We had a nice breakfast and about 9:45 we left, stopping to talk with some of the other journalists and then heading back to our offices. When I got to the Washingtonian’s office, two blocks away, the entire magazine staff was sitting silently in the publisher’s office, staring uncomprehendingly at the TV.

At 8:46, an hour earlier, American Airlines Flight 11 had flown into the North Tower of the World Trade Center. Seventeen minutes later United Flight 175 hit the South Tower and at 9:38 American Airlines Flight 77 hit the west side of the Pentagon.

While all that was happening, some of Washington’s best-connected journalists were enjoying breakfast and had no idea.

Thirteen years ago—our little phones and a lot of the digital revolution were still to come.
Jack Limpert started his journalism career with UPI and for 40 years was editor of The Washingtonian magazine.

Dick Babcock says:

I was on Chicago time, so I first saw reports on the Today show after the first plane hit. I’ll never forget hearing Matt Lauer speculate, “There must be something terribly wrong with the air-traffic control system.”

I went to the Chicago magazine office in downtown Chicago, but within an hour or so, our owners in New York called to tell us to send everyone home.

That afternoon I told my son, who was a high-school freshman, that the world would never be the same—the sort of portentous remark by a father that a son tends to remember. And, indeed, my son has quoted it back to me several times over the years. Of course, I was right—our world has irrevocably changed. But sometimes what surprises me more is how little it has changed, how quickly we returned to the general patterns of life pre-9/11. On my good days, that pleases me.

Ben Armbruster says:

I was 24 years old, wandering aimlessly after college, and was working at my Dad’s Shell gas station on the corner of W. 117th Street and Western on the west side of Cleveland.

I could see the planes flying low overhead as they were about to land at Hopkins Airport. Western is directly under one of the flight paths so we’d hear big jets flying in to land all the time. It was a constant roaring that you just got used to.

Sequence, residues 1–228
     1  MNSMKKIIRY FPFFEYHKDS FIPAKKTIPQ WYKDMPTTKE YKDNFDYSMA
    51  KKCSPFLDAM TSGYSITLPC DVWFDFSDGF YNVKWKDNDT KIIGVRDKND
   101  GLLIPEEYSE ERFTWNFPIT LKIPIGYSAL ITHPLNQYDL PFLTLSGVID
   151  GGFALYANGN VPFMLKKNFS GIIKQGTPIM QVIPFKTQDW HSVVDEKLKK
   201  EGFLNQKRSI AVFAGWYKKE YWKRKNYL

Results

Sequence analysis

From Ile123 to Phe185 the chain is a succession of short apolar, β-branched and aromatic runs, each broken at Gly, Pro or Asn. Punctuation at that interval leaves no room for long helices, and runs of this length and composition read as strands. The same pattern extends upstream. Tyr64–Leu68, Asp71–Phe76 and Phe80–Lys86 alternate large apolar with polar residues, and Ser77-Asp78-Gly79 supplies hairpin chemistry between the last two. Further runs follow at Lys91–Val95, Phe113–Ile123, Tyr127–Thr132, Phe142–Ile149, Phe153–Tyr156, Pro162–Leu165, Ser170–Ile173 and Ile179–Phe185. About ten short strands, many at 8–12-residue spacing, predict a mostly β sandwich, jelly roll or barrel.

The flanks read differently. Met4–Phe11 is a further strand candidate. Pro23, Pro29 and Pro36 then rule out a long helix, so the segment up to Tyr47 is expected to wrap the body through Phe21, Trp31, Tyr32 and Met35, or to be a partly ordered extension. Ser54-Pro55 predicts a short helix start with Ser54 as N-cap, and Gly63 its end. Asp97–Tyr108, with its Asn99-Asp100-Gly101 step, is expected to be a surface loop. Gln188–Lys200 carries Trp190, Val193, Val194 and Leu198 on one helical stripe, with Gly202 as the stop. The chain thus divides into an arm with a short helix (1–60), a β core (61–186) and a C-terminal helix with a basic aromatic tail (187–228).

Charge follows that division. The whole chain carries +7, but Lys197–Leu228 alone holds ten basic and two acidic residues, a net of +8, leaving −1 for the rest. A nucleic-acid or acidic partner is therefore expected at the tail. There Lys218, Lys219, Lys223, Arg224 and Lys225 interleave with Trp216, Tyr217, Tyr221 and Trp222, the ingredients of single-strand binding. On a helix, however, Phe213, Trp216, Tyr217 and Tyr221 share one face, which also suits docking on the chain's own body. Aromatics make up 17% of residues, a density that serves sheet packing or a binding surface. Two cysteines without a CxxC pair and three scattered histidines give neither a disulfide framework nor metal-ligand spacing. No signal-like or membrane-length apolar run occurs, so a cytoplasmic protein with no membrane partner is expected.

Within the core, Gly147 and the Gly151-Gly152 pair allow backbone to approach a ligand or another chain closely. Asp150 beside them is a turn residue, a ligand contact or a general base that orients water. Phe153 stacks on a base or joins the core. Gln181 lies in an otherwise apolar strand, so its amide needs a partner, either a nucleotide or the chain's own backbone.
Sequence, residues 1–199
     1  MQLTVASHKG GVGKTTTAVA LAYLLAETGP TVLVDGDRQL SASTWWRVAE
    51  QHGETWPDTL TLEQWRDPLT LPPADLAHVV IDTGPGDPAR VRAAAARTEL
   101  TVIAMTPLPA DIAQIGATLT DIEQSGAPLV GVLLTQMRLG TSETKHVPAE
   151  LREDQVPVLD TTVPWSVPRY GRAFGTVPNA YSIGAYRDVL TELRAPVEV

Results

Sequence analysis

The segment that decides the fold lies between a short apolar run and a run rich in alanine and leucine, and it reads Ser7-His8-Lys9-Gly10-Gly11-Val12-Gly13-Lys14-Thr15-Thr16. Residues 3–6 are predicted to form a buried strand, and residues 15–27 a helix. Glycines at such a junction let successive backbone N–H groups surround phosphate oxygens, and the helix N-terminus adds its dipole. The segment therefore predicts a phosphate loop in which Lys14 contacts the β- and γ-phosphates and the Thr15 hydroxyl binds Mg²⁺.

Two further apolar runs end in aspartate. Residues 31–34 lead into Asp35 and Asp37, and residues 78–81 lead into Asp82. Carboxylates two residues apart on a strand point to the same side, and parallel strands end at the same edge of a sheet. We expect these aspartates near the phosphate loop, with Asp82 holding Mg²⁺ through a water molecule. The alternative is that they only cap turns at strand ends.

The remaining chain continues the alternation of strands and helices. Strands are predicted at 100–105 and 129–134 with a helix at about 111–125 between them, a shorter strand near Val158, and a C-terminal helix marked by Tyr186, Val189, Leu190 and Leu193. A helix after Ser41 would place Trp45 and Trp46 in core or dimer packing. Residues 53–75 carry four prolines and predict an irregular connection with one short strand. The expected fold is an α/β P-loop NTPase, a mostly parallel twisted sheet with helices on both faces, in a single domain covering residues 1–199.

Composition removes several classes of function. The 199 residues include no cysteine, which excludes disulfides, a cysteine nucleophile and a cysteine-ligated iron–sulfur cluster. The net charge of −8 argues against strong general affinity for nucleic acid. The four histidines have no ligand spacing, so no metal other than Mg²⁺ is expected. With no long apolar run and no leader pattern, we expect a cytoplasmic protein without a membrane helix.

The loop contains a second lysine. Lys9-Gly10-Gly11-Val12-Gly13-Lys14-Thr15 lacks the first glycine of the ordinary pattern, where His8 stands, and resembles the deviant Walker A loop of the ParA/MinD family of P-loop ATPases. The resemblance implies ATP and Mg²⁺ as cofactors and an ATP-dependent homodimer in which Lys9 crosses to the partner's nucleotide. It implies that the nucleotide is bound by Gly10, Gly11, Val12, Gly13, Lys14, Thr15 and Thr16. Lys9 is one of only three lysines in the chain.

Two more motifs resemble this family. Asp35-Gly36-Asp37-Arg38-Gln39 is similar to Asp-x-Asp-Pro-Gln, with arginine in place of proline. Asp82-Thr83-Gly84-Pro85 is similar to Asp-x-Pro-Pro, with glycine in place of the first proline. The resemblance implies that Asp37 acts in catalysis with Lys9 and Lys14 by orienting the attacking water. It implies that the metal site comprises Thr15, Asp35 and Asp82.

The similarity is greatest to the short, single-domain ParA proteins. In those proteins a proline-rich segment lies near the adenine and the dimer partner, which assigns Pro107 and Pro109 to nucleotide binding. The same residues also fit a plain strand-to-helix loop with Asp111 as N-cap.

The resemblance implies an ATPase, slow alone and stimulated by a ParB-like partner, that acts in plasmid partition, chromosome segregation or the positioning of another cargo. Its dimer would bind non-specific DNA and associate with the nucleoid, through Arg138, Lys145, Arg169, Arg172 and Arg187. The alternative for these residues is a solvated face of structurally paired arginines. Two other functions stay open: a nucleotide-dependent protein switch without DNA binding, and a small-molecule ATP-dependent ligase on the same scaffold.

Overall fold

My brother’s mother-in-law called to tell us the news, which we all pretty much ignored because she was always making unbelievable claims that never turned out to be true. But after 10 minutes or so we got an old black and white TV out and put in on the counter and we watched the towers come down.

I remember feeling perplexed at how every thing at the gas station just seemed to return to normal while I was quietly freaking out and wondering how out of hand the upcoming war would get.

A half hour later or so after the news really sunk in, we still had customers coming in, doing their regular business as if the world had not just not been turned upside down. We had a TV facing the front and some customers would say how tragic it was but most just carried on with what they were doing. “Pack of Newports.” “10 bucks on pump 8.” “Do y’all have Camel lights?” “Hey I wanna play my numbers.” Playing numbers was one of the more depressing purchases from our customers—many of the lottery players either didn’t have jobs or the ones who did regularly spent a considerable amount of their paycheck on the lottery, and lost. And lost and lost and lost.

Despite the day’s life-changing news, the customers at W. 117th and Western in Cleveland didn’t seem to want the 9/11 attacks to get in the way of their daily routine.

As I went home a bit early so I could watch proper TV, I did notice one thing leaving the station to get into my car. The utter silence which I then realized was because there were no more planes landing at Hopkins.

John Corcoran Jr. says:

No one forgets that day.

I had managed to get my non-fiction book about television news published on September 12, 2001. I was dozing in bed September 11 with a cast on my fused right ankle and a patch over the eye with detached retina repair when the phone rang. My wife answered and shrieked, “Turn on the TV.” Sitting in LA, we watched the Twin Towers fall.

While I felt the agony and the anguish so much of the country endured, I also felt guilty about some self-pity over my bad timing on a book I’d hoped would make a splash.

A couple of days later I got a phone call that went something like this:

VOICE: John?
JOHN: Yes?
VOICE: John Corcoran?
JOHN: Uh-huh.
VOICE: The one who was the entertainment reporter at KCAL?
JOHN: Yeah, sure. What’s this about?
VOICE: One second.

He put his hand loosely over the mouthpiece and yelled out, “He’s alive. It wasn’t him.”

The voice was a reporter from CNN, who said “my” name was on the just-released passenger list for United Flight 175. It was a flight—from Boston to LA—I’d taken before, but the unfortunate “John Corcoran” that day was a 43-year-old Marine from outside Boston, wife and two kids.

Never felt any self-pity after that and pray my namesake’s family has found some peace in the passage of time.